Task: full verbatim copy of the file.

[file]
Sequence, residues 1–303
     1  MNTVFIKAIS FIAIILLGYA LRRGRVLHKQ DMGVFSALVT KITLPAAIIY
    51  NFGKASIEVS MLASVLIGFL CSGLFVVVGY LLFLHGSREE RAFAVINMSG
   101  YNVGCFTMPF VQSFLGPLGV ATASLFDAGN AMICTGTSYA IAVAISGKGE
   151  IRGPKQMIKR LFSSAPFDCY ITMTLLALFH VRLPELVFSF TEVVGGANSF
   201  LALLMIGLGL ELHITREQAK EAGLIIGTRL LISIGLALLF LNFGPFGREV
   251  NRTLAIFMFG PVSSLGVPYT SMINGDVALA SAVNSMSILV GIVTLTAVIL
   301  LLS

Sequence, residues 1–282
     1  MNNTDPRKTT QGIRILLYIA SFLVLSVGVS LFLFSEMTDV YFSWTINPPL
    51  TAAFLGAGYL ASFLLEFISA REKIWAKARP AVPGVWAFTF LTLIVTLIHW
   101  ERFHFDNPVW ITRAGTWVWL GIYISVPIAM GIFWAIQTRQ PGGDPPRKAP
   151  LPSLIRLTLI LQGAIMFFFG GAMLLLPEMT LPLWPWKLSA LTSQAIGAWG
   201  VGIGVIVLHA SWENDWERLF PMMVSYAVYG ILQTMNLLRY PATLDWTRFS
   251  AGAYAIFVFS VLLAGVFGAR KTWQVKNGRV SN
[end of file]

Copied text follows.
Sequence, residues 1–303
     1  MNTVFIKAIS FIAIILLGYA LRRGRVLHKQ DMGVFSALVT KITLPAAIIY
    51  NFGKASIEVS MLASVLIGFL CSGLFVVVGY LLFLHGSREE RAFAVINMSG
   101  YNVGCFTMPF VQSFLGPLGV ATASLFDAGN AMICTGTSYA IAVAISGKGE
   151  IRGPKQMIKR LFSSAPFDCY ITMTLLALFH VRLPELVFSF TEVVGGANSF
   201  LALLMIGLGL ELHITREQAK EAGLIIGTRL LISIGLALLF LNFGPFGREV
   251  NRTLAIFMFG PVSSLGVPYT SMINGDVALA SAVNSMSILV GIVTLTAVIL
   301  LLS

Sequence, residues 1–282
     1  MNNTDPRKTT QGIRILLYIA SFLVLSVGVS LFLFSEMTDV YFSWTINPPL
    51  TAAFLGAGYL ASFLLEFISA REKIWAKARP AVPGVWAFTF LTLIVTLIHW
   101  ERFHFDNPVW ITRAGTWVWL GIYISVPIAM GIFWAIQTRQ PGGDPPRKAP
   151  LPSLIRLTLI LQGAIMFFFG GAMLLLPEMT LPLWPWKLSA LTSQAIGAWG
   201  VGIGVIVLHA SWENDWERLF PMMVSYAVYG ILQTMNLLRY PATLDWTRFS
   251  AGAYAIFVFS VLLAGVFGAR KTWQVKNGRV SN